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There's a new trend among America's elderly class, and it's kind of depressing
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Solitude isn't only increasing among the young. According to a recent report by CBS News, roughly one-third of Americans ages 45 to 63 are single, leaving them increasingly vulnerable in their old age. - photo by JJ Feinauer
Americans seem to be falling in love with the single life.

According to a report from the Pew Research Center last year, the share of men and women in America who have never married has been steadily increasing since the 1980s.

But solitude isn't only increasing among the young. According to a recent report by CBS News, roughly one-third of Americans ages 45 to 63 are single, leaving them increasingly vulnerable in their old age.

"It's hard to age even when you have a good support system. So you can only imagine if you don't have anybody with you to help you," Dr. Maria Carney of North Shore-LIJ Health System told CBS News.

Carney calls this segment of the population "elder orphans." Much like their adolescent counterparts, they are left to navigate the world alone, even as their health declines.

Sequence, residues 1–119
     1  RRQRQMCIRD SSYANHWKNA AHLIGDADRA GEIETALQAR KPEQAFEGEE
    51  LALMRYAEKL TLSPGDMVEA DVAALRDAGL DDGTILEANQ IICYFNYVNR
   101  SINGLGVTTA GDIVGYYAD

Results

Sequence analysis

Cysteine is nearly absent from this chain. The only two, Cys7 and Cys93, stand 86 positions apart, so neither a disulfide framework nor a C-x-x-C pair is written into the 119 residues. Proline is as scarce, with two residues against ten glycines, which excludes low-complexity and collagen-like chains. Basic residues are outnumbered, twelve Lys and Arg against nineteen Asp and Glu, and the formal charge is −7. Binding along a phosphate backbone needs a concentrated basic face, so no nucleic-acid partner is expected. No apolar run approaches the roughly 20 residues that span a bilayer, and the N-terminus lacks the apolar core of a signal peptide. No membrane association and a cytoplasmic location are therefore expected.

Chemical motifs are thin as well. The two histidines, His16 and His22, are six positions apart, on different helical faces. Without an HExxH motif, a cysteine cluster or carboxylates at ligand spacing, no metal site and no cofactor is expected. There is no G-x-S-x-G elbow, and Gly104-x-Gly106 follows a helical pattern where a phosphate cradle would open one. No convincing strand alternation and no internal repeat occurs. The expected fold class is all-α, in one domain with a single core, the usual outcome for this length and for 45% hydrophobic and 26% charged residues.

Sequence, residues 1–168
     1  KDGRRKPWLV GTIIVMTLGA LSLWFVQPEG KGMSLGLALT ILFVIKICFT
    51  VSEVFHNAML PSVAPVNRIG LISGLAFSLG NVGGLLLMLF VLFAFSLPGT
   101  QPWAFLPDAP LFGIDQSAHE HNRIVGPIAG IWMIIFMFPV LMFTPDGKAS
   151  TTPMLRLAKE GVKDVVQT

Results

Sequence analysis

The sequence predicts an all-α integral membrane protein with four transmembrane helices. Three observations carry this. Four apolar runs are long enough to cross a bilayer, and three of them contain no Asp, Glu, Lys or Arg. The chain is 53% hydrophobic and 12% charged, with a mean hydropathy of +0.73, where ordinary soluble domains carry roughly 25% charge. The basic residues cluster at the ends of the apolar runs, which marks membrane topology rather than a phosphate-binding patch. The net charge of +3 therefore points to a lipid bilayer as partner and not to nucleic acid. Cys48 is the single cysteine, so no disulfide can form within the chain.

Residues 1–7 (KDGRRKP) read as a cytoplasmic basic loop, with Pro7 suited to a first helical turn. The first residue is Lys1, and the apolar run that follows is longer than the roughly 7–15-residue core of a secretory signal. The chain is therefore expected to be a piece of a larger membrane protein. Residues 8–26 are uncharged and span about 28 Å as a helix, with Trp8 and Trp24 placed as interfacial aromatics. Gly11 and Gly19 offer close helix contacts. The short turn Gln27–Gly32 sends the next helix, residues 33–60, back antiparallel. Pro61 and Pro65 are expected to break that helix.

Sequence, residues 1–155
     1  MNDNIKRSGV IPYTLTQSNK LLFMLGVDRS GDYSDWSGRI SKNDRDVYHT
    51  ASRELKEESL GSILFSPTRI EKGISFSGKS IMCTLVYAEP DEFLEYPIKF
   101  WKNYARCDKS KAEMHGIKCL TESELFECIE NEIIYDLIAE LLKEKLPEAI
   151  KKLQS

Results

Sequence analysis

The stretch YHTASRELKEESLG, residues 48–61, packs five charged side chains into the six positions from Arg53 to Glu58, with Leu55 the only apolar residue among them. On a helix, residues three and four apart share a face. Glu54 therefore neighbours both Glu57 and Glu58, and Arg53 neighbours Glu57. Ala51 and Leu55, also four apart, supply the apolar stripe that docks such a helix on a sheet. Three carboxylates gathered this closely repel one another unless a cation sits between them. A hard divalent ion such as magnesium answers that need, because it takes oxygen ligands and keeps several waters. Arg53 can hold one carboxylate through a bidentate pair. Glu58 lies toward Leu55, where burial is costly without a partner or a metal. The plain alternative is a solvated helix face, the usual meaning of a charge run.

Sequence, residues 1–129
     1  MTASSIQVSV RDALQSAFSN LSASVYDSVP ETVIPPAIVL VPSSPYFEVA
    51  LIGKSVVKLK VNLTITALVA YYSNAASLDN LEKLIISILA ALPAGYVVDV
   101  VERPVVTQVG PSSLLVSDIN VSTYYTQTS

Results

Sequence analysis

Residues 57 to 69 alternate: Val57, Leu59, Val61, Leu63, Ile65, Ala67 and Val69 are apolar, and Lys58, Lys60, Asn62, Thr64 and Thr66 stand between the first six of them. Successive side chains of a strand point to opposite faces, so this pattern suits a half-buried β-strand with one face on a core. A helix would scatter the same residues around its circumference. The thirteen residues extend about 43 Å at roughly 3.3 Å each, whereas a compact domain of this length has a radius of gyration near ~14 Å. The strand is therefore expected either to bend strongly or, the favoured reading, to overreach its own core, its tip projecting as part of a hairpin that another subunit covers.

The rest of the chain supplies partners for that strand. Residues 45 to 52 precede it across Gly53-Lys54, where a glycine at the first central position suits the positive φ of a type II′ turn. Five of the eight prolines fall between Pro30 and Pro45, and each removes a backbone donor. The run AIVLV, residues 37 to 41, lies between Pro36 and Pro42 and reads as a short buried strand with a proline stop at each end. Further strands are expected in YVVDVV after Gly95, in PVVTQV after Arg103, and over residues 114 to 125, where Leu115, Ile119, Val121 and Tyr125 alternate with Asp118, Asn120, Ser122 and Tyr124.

As I reported last month, some doctors are worried that this trend of elderly solitude could contribute to difficulties in treating Alzheimer's disease.

And as the Deseret News' Lois Collins reported Wednesday, marriage rates have hit a new record low, which means "elder orphans" are probably just going to increase.

Collins also wrote about a new report from The Pew Research Center today, which compares the characteristics of aging populations in Italy and Germany to those of the United States. An increasingly large share of the United States, as Collins points out, is over the age of 65, and support for the elderly has weakened within family structures.

As the study points out,"in all three countries, financial help is more likely to flow down to adult children than up to aging parents."